A Writing Family Pt.1 – My Father, Basil Burwell

Basil and Fred Burwell and Friend

Where did my passion for words come from? I think back to my childhood and find many sources, from the intriguing typeface and old-paper smell of a 1920’s hardback book to a dog-eared copy of the mysterious Dr. Strange Marvel comic left around by my brother Jeremy, to the fresh ink glow of a Dell paperback bought at the local department store. As much as I loved reading words, I also loved the sounds of words and so I became a listener. Every night my father read to me as I slurped up Cheerios and scraped sugar from the bottom of the bowl. When I pull The Phantom Tollbooth off the shelf today, I half hear the echo of my father’s booming voice merging with the bell-like clink of spoon on ceramic bowl.

Basil Burwell reading to Fred and Jeremy

Or we’d be out driving, my father at the wheel, my mother beside him, me in the back, gazing through the window at the passing scenes, then –

“Flug!” my father would say.

My mother would wake out of her reverie. “What?” And then she’d look out the window as we rolled past a busy Gulf station. “Oh, Basil!”

A block later he’d intone, “Deeps Timil,” in his rich actor’s baritone.

My mother would present him with one of her patented scowls. “Oh don’t be ridiculous!”

I’d pinch myself, trying not to burst out laughing when I realized that “Deeps Timil” was “Speed Limit” backwards. My father adored backwards words. A father in one of his novels – probably an alter ego – named his daughter, “Devorppa Klim,” which of course was “Approved Milk.” Magical backward words appeared everywhere, even in our own names. Sometimes, his blue eyes twinkling but with a straight face, he’d introduce himself to strangers as “Lisab Llewrub.” I learned that if I ever felt bored with plain old Fred Burwell, I could always switch it around to Derf Llewrub and pretend I was Welsh.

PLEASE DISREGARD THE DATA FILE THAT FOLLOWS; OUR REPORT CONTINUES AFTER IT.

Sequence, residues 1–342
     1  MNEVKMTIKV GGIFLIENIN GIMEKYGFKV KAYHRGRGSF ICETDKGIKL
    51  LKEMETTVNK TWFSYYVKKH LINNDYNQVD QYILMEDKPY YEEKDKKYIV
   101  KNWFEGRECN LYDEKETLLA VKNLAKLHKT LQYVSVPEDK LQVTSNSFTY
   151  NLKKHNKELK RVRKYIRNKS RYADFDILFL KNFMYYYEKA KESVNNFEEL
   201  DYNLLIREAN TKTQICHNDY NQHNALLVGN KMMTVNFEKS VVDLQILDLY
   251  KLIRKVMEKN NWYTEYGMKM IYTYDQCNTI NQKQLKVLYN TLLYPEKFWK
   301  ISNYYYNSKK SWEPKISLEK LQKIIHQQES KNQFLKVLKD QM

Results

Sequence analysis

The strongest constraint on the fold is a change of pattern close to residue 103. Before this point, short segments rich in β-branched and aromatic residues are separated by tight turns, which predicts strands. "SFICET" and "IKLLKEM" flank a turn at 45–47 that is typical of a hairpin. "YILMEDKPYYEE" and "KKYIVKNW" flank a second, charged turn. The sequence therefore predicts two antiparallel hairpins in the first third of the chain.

If you wonder where my Tales from a Misinformed Dictionary comes from, it’s the spirit of Basil Burwell perched on my shoulder, whispering into my ear.

My father once confessed to me that he thought of himself as an unsuccessful man. That surprised me. How many fathers did I know who could say they’d acted professionally for more than a decade and appeared in films with such oddball names as Park Avenue Logger and I Was a Captive of Nazi Germany? But in the 1940’s he left the world of Hollywood and summer stock and became a master teacher, both of the theater and of English literature and creative writing.

He’d always loved to write and he couldn’t resist telling stories. How many times had I bugged him for the further adventures of “Georgie Kleenex?” Especially after the beloved, flimsy character had somehow floated all the way to the moon? He liked to point out that one of his first published stories, “The Flag that Set Us Free, published in the famous Story magazine in 1944, was based on one of his schoolboy stories that had received a C+, possibly due to his incorrigibly bad handwriting. Story editor Whit Burnett urged him to “think long” and in 1954, the historical epic, Our Brother the Sun, became his first published novel.
A Fool in the Forest
, which appeared in 1963, was his personal favorite. It was an autobiographical novel about a young man fresh out of high school in 1929, experiencing a wild summer with a troupe of actors at a summer theater set in an old fashioned amusement park.

When I first became interested in writing, Dad would take my penciled rough draft and cover it with red pen corrections, comments, and suggestions. Then we’d sit down and talk about it. I knew I was getting somewhere when less and less red marked up my work.

Perhaps Dad had so many strong passions he couldn’t simply hue to one path. To my mind he was an extremely successful man – a fine actor and director, brilliant teacher, published author, delightful storyteller, and a warm and generous father and mentor.

Tales from a Misinformed Dictionary – Kloof

Kloof: A mechanical attachment used to provide dexterity to sentient ungulates.

Urko visited the Kloofeteria, where an assistant helped him try on four varicolored neon kloofs, which fit front and back hoofs perfectly. At last, instead of kicking away unwanted tennis balls, he was able to pick them up and eat them. Instead of leaving angry hoof-marks on books, he could actually turn pages and read the stories. The kloofs were an utter delight – he never had to trim them and he never had to coat them with hoof cream in winter, unlike his hoofs, which became brittle and cracked. There was no such thing as “kloof cream.” You didn’t need it.